Archive for November, 2011

AIDS Epidemic Still Spreading In Rural, Southern United States

November 30, 2011

REPORTING: MICHAEL EDWARD MILLER

Ashamed to Die: Silence, Denial and the AIDS Epidemic in the South by Andrew J. Skerritt

 

In this segment, we’re examining why HIV/AIDS continues to spread in the United States, particularly among African Americans who live in the rural South.

African Americans are disproportionately affected by HIV/AIDS in Chattanooga.  “In the Hamilton County area and the southeast Tennessee Region, we do have a large portion who are African Americans who are infected,” Jerry Evans said.  He’s the Assistant Executive Director for Chattanooga CARES, a local organization focusing on education, prevention and support for all people affected by HIV.  “Of our patients at Chattanooga CARES, about 37 percent are African American.”

It’s a high percentage considering that, according to the most recent Census data, only about 20% of Hamilton County’s population is African American.  But it’s similar to the situation across the South.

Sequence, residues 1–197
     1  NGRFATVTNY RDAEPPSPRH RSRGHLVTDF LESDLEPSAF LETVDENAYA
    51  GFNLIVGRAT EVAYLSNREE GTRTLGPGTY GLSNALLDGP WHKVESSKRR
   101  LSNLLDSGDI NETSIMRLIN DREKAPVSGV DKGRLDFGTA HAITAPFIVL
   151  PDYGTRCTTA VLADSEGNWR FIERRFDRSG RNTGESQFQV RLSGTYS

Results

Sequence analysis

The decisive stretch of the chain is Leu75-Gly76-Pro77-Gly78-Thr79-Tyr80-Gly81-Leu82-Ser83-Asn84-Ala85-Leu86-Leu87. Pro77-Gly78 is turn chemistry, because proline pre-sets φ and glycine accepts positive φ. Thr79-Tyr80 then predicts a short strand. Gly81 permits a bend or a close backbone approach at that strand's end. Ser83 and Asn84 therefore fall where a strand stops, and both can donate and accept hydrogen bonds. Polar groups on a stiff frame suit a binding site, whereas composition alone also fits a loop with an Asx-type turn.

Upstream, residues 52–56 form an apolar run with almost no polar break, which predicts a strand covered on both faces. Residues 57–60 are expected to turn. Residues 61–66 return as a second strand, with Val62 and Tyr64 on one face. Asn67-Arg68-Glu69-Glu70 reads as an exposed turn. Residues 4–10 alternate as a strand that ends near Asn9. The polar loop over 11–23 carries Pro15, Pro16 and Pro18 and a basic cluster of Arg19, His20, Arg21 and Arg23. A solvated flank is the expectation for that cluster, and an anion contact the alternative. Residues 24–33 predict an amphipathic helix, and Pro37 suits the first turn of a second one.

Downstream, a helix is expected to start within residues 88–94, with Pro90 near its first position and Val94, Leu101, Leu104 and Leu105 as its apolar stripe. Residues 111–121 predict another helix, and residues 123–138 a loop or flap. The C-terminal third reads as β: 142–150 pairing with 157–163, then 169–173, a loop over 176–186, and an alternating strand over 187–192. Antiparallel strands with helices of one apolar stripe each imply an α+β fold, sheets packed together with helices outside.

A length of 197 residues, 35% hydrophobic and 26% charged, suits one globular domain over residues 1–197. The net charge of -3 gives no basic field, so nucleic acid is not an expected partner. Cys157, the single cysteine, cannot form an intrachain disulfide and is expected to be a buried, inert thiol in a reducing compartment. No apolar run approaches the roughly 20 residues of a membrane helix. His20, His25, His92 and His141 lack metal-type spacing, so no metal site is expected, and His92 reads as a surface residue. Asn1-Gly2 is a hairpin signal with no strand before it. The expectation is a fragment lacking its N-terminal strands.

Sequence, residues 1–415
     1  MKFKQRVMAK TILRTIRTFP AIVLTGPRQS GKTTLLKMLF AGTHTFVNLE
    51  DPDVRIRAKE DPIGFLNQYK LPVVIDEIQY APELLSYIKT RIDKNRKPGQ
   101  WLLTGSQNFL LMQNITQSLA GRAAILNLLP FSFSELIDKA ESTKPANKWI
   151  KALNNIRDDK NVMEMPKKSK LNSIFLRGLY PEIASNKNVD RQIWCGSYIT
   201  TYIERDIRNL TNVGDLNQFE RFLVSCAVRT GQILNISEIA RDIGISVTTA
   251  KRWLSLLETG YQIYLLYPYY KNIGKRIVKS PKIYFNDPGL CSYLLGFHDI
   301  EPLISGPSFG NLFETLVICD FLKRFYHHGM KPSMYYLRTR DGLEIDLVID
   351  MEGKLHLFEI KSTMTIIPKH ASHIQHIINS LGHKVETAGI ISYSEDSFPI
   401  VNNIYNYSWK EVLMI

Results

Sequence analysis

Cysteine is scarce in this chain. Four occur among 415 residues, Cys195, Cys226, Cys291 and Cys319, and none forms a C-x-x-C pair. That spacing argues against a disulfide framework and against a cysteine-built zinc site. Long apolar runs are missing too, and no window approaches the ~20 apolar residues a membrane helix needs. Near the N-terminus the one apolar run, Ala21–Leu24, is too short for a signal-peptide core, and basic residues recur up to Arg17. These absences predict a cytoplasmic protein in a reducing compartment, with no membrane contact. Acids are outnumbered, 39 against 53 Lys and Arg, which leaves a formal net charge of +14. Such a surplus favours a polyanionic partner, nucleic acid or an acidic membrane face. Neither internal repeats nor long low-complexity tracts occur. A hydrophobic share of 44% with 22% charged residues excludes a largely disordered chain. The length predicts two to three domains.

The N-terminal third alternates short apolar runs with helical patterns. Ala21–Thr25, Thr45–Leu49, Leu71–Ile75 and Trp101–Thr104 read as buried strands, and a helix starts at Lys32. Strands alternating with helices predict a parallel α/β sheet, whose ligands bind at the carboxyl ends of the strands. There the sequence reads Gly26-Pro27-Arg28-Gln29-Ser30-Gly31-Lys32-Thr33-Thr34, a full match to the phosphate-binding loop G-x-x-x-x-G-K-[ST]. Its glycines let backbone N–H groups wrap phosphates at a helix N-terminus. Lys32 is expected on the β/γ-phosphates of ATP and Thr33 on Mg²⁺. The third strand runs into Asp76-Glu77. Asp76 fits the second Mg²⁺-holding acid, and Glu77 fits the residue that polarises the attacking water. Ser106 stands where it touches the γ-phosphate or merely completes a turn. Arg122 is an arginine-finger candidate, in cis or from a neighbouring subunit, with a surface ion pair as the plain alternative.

“The South has less than half the overall population [of the United States], but almost half the number of AIDS cases,” Andrew J. Skerritt says.  He’s the author of a new book, Ashamed to Die: Silence, Denial and the AIDS Epidemic in the South.  “In many cases, where you see a decline in new infections, the South has been going in the opposite direction.  The South also suffers because the South has a higher percentage of African Americans, and African American men and women have been bearing a strong burden as far as infection goes.”

December first is World AIDS Day.  For more about how HIV/AIDS specifically affects the South, visit the Southern AIDS Coalition.

 

 

Muralist Seeks Input

November 29, 2011

Reporting: Bobby Sullivan

Chattanooga is about to have a huge mural painted in downtown Chattanooga. Meg Saligman is a nationally recognized muralist and is seeking insight and ideas from Chattanooga residents for the mural. The input session is free and open to all ages on Tues. at 5 p.m. at the Bessie Smith Cultural Center.

Listen to the story.

 

Gnome Valley and the Enchanted Garden of Lights

November 29, 2011

Reporting:  Rabbit Zielke